"CULTIVATE the appearance of contrition," the character Jack Lawson, a lawyer, tells a white client accused of raping a black woman in "Race," a new play opening on Broadway next Sunday. As uttered with don't-waste-my-time iciness by the actor James Spader, the clipped and merciless directive telegraphs not only that this is dialogue by David Mamet, but also that it is set in the kind of up-for-grabs moral universe that Spader characters have been occupying in Hollywood for years.
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Robert Caplin for The New York Times
From "Boston Legal" to New York stage: James Spader at Ethel Barrymore Theater, where he is making his Broadway debut in David Mamet's new play, "Race." More Photos »
The Creepy IdSlide Show
The Creepy Id
The New Season | Theater: We Can't Stop Talking About Race in America (September 13, 2009)
Times Topics: James Spader
Video Feature Trailer: 'Race' (RaceonBroadway.com)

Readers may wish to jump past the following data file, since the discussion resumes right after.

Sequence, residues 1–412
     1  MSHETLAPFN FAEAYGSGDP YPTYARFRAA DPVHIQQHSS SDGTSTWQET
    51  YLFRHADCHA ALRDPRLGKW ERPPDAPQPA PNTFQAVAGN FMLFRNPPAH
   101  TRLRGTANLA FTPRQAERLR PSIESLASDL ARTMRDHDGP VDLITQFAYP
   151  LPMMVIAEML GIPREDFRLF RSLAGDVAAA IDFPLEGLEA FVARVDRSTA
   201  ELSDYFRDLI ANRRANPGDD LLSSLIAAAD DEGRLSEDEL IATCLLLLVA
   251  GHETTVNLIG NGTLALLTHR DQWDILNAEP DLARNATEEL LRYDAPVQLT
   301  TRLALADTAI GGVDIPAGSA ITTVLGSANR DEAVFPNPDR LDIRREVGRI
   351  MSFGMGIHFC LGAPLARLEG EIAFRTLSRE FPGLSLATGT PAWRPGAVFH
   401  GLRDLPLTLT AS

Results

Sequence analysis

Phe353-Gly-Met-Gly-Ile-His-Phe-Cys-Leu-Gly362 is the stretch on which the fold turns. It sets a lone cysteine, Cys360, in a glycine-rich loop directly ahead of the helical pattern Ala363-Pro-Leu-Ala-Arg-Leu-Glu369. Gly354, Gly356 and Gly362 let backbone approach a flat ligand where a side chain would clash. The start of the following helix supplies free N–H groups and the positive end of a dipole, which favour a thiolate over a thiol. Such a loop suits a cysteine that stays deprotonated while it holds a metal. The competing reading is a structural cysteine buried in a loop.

Filmography: James Spader
James Spader in scene from one of his early films from the 1980s, "Pretty in Pink." More Photos >
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The sexy sleazes he played in the mid-1980s, most notably the preppy Steff in "Pretty in Pink," gave way to the twisted and perverse protagonists of "sex, lies, and videotape" (1989), "Crash" (1996) and his latest major film, "Secretary," in 2002. Then came Alan Shore, the outrageously sardonic, ethically cynical lawyer on both "The Practice" and "Boston Legal" on ABC. In that role Mr. Spader's instincts for dark, enigmatic characters grounded an entire performance, one that won him three Emmys.